Microorganisms of extreme environments or extremophiles are likely to be very adapted toward biotechnological applications because of the intense conditions they naturally grow in. Biocatalysis systems to be developed at large scale production require stable enzymes or extremozymes that resists to harsh industrial conditions. This article collection will provide the most recent research contributions that encompass isolation of culturable extremophiles such as psychrophilic alkaliphilic, acidophilic, and halophilic microorganisms, growth, and maintenance of these organisms and bioinformatic tools for surveying metagenomic data of unculturable extremophiles. Other investigations will also be showing progress of enzyme annotation, function prediction and how this is mostly useful in boosting enzyme overproduction by targeting the appropriate genes throughout metabolic engineering.

Modern recent molecular biology methods, metabolic engineering, bioinformatics, and computer modelling are applied by many research groups for the purpose of implementing new lignocellulose degrading-enzymes originating from extremophiles. These enzymes are required to be stable activities at several extremes simultaneously. The papers given in this contribution should demonstrate the role of extremophiles in lignocellulose degradation, and their study from the lab bench until moving forward to the future biotechnological applications. This will highlight the discovery of new extremozymes as well as enabling drawing conclusions for further improvements that need to be implemented for a better planning screening and tackling strategies to design more desired and powerful enzymes.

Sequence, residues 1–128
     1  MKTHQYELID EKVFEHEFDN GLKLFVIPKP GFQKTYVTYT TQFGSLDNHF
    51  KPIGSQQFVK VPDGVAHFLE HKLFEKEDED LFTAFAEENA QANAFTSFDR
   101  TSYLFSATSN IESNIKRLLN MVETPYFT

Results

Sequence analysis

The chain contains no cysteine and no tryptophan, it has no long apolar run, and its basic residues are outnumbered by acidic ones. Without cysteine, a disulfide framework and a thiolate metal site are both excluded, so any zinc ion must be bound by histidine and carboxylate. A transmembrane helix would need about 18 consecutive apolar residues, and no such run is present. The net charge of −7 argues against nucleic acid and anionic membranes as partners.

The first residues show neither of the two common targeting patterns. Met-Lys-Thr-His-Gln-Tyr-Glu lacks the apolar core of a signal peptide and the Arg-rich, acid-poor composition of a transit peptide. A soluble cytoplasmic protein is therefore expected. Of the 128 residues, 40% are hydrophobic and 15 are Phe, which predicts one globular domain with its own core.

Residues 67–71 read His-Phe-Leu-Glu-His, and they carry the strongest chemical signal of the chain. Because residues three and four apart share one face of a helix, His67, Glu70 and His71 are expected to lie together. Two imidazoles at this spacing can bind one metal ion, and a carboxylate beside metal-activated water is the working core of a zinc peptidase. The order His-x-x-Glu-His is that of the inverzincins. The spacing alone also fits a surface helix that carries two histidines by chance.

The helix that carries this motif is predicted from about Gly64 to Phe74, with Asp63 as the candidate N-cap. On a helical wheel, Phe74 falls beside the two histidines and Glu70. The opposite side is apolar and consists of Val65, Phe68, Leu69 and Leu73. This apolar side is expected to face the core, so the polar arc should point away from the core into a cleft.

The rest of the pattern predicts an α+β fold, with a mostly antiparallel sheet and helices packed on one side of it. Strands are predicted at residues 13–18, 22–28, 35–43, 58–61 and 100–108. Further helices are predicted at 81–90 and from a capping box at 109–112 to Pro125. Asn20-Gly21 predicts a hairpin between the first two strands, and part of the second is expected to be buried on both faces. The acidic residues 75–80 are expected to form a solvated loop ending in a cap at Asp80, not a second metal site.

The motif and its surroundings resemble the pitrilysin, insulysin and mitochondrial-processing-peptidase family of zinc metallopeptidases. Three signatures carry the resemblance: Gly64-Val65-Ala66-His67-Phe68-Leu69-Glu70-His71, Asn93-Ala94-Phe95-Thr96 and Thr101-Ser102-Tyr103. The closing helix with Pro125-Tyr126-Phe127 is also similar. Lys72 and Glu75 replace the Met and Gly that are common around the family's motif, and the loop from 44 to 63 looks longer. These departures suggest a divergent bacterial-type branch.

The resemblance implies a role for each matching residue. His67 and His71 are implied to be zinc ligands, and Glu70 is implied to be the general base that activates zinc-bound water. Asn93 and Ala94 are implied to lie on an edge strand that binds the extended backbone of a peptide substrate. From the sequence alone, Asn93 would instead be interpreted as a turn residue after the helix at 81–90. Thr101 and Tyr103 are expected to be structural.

This Research Topic demonstrates the incredible adaptability of extremophiles in lignocellulose degradation, and how their extreme conditions is an ideal environment in enzymology. In fact, they are the best candidates for producing extremozymes, researchers however must be keeping in mind the commitment to the sustainable development goals. This is intended for Extreme Microbiology section and emphases on recent reports (including e.g. original research, systematic review, review, methods, mini review, perspective, opinion, and editorial papers) that explore and consider:

• Efficient screening of extremozymes for successful commercialization
• Cost-efficient biocatalysis implemented processes
• New enzyme classes emerging from extremophiles
• Systematics of culturable and non-culturable lignocellulose-degrading extremophiles
• Existing commercialized extremozymes, advantages and limitations
• Challenges in providing sustainable and ecofriendly extremozymes-based processes


Keywords: Extremophiles, extremozymes, lignocellulose biomass, biocatalysis, eco-friendly biobased industry


Important Note: All contributions to this Research Topic must be within the scope of the section and journal to which they are submitted, as defined in their mission statements. Frontiers reserves the right to guide an out-of-scope manuscript to a more suitable section or journal at any stage of peer review.

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Submission Deadlines

18 October 2020 Abstract
15 February 2021 Manuscript

Participating Journals

Manuscripts can be submitted to this Research Topic via the following journals:

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Topic Editors

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Submission Deadlines

18 October 2020 Abstract
15 February 2021 Manuscript

Participating Journals

Manuscripts can be submitted to this Research Topic via the following journals: